US Classic Stamps underwent a complete transformation in 1861.
With the outbreak of the American Civil War in April 1861, the United States Government demonetized all of the postage stamp issues from 1847 to 1860, in order to prevent their use by postmasters and postal patrons within the Confederate States of America.
In May 1861, the Postmaster General ordered all postmasters within the United States to return their inventories of old stamps to Washington, D.C. It was further ordered that any letters received from the secessionist states, utilizing the old stamps, were to be treated as unpaid and were to be held for payment of postage. Unpaid letters that were not called-for were to be sent to the Dead Letter Office in Washington, D.C.
The government printing
contract with Toppan, Carpenter, & Co. expired in June 1861, and the
new contract to produce United States postage stamps was awarded to the
National Banknote Co. Beginning in August 1861, the new redesigned
United States postage stamps were issued.
The new postage stamp designs have the same pictorial depictions, denominations, and basic colors as those of the 1857-1861 issues.
These new US classic stamps,
however, have very ornate and patriotic looking outer framework. The
frames now have the letters "U" and "S" in the bottom corners, and the
denomination numerals in the top corners. The major types of these new US classic stamps,
shown in the images above (Sc. #63 // #72), are all perforated 12.
The 3 Cent stamp was first issued in pink shades. The pink (Sc. #64), and pigeon blood pink (Sc. #64a) shades are rare, but the rose pink (Sc. #64b) shade is relatively common. A few days after the first issue, the stamps were printed in rose (Sc. #65), with shades ranging from rose to rose red to dull red, and then to brownish red.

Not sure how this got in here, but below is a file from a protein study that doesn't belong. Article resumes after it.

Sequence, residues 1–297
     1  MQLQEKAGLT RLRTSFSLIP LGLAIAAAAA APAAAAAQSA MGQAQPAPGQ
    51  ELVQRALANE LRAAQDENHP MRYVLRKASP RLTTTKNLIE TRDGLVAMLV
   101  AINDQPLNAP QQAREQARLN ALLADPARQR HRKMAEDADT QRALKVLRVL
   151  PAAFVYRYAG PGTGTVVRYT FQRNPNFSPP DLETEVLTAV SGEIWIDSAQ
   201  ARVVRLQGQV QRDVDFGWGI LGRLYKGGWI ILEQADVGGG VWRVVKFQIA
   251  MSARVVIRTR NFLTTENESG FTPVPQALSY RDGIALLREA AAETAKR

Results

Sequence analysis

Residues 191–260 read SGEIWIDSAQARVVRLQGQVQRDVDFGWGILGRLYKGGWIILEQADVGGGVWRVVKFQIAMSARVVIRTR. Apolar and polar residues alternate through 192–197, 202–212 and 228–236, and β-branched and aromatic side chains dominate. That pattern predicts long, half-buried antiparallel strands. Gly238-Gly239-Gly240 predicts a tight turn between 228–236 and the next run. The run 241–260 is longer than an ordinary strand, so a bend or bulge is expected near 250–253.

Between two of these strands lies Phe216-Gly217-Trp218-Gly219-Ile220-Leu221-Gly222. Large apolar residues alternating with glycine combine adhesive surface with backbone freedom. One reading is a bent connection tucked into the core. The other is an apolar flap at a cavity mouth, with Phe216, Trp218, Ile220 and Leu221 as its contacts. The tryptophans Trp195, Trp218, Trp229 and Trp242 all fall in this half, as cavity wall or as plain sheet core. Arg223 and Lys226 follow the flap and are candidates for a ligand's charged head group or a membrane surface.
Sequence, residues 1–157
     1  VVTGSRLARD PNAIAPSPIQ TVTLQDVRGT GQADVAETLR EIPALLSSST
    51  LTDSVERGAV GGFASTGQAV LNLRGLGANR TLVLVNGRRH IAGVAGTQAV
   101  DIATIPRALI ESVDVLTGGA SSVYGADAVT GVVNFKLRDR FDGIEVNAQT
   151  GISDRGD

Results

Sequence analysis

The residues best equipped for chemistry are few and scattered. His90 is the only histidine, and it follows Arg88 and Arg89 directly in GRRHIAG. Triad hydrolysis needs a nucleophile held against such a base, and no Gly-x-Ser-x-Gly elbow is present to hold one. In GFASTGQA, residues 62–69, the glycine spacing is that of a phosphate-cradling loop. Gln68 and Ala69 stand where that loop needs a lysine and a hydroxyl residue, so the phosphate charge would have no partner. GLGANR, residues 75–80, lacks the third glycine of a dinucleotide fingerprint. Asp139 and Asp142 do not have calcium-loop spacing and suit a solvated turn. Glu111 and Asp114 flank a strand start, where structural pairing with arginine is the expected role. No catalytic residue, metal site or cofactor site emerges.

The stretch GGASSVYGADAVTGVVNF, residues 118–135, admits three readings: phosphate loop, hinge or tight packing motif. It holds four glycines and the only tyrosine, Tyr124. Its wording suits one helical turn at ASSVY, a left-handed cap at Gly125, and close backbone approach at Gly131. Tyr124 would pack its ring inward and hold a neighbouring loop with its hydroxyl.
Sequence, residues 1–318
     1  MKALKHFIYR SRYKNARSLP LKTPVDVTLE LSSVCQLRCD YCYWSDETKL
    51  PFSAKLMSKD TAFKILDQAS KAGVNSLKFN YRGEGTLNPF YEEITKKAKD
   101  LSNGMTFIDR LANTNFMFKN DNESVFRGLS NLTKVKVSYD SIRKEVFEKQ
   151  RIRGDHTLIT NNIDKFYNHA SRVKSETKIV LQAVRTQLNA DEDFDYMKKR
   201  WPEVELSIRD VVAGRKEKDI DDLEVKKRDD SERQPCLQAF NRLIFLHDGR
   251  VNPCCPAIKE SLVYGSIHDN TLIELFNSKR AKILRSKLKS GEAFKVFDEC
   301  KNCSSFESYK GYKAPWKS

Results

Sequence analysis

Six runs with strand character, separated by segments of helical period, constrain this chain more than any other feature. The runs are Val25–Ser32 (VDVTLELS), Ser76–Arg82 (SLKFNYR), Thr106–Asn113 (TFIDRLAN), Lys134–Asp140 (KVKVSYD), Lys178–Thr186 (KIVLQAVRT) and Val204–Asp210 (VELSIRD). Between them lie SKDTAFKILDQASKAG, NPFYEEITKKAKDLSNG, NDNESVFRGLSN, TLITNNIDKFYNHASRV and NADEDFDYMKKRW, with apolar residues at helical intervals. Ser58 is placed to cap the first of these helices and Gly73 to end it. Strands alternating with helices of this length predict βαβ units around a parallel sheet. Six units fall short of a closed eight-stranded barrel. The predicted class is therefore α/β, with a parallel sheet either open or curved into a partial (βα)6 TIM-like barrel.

The perforated 3 Cent stamp, in the lake
shade, formerly listed as Sc. #66, is now considered to be a Trial
Color Proof. It can now be found in the Trial Color Proof section of
the Scott US Specialized Catalog.
The 10 Cent denomination comes in two printings.
The first printing (Sc. #62B), which is rare, has no curved line below the stars and no outer line over the ornaments above the stars.
The second printing (Sc. #68) has a heavy, colored curved line drawn below the stars and an outer line drawn over the ornaments above the stars. For detailed drawings, refer to the Scott US Specialized Catalog.
The common shades on the 24 Cent denomination are red lilac (Sc. #70) and brown lilac (Sc. #70a). The one in the image above is the brown lilac shade. There are three VERY RARE shades of this stamp: The steel blue (Sc. #70b) shade, the violet (Sc. #70c) shade on thin paper, and the gray violet (Sc. #70d) shade on thin paper. As the ink used for these was unstable, and the colors can easily be altered, examples of these rare shades should only be purchased with certificates of authenticity.
There are numerous shades, printing varieties, and cancellations on all the denominations of this issue. Combined with Civil War Era covers and postal history, this issue can be a wonderful specialization opportunity for any philatelist.
to the widespread use of these US classic stamps during the American
Civil War, used examples of all of them, including the high
denominations, are abundant, and they are relatively affordable.
The five US classic stamps shown above were issued between 1862 and 1866.